Audio clips: Ajmal Perfumes’ king of fragrances sees opportunities ahead
COVID-19 has battered the travel retail industry and even companies run by the savviest executives have been impacted.
Take Dubai-based Abdulla Ajmal, Deputy COO of Ajmal Perfumes, who’s the third generation of his family to helm the prestige fragrance business.
“It's a tough period,” he admits in an interview with Gulf-Africa Duty Free magazine. “Retail is affected and travel retail is horribly affected. I reckon it's going to continue for some time.”
Travel retail is a small but significant part of Ajmal Perfumes’ business. Before the COVID-19 pandemic struck, the company had a lot of aspirations for growth in markets beyond the Middle East as well as other travel retail areas which unfortunately aren't going to happen, says Ajmal. Its ambitious plans were focused on Europe.
Asked whether travel retailers will want to carry new brands following the unprecedented crisis, Ajmal thinks that although buyers will want to invest in certain products, this may not be for new brands they’re unaware of.
Ajmal says that the crisis has meant that cash is king and survival is key. “Right now it's not about offsetting losses, it's about cash flow. The immediate need of the hour is to stay afloat.”
The crisis could, however, result in opportunities to strike business deals. “It’s also about taking advantage of the situation if possible, if there are deals to be done,” he says. “I would be very keen on looking at acquiring brands as a growth strategy. It would be an opportunity purchase, a brand we can develop.”
Ajmal reports that the amount that the UAE government has spent on sanitizing and taking control of the situation has been heartening. It converted a large convention center into a COVID-19 hospital and is continuing to spend a huge amount of money, announcing relief packages way ahead of everyone else.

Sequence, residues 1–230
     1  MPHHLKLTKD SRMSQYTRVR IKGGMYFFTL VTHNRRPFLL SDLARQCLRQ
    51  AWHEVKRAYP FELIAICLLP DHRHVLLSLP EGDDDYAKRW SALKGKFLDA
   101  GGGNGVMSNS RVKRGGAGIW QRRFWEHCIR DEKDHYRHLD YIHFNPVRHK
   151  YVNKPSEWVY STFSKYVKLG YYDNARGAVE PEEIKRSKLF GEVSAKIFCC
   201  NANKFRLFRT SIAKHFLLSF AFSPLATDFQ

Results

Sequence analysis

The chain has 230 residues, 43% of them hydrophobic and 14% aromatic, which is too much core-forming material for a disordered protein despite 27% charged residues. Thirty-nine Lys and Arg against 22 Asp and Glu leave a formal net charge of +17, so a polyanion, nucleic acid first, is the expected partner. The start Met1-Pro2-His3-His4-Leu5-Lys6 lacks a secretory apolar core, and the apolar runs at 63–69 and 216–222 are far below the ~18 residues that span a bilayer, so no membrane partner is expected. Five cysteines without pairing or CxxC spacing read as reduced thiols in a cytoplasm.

Dubai started opening up from the first day of Ramadan but with huge restrictions, followed by Abu Dhabi and Al Ain.
Now, in stores that have reopened, product sampling is not allowed in the fragrance category for hygiene reasons. “It's not the same,” says Ajmal. He notes that customers have been coming in during the seasonal Ramadan period to buy products they know and want “exactly”. Ajmal Perfumes is giving away a lot of testers for home.
Value is vital
Ajmal Perfumes has kept its full team in place and is not considering any retrenchment. But the company has taken some measures, including a 30% salary cut for everyone for three months and the directors foregoing their dividends. “When it comes to manpower we're sensitive to that. We don't look at retrenchment. I hope and pray that we don't reach that level. Our staff have great trust in us.”
Travel retail will take some time to recover, believes Ajmal. Having said that, brands will have to be very proactive about giving deals, promotions and good offers, as value is going to be critical for consumers. If niche luxury brands want to improve business in travel retail, they should concentrate on product novelty, including travel retail exclusives and launches before the domestic market, as well as the price advantage. “This means as a supplier we will have to compromise on our margins even more now,” he says.
However, there is a silver lining on the post-pandemic horizon: the crisis has turbocharged Ajmal Perfumes’ online sales. “We have grown our online business 15 times in the last three months. About a month ago we asked our team to put more impetus into the e-commerce part of the business, instead of resources into online advertising. This is bringing us closer to an omnichannel business.”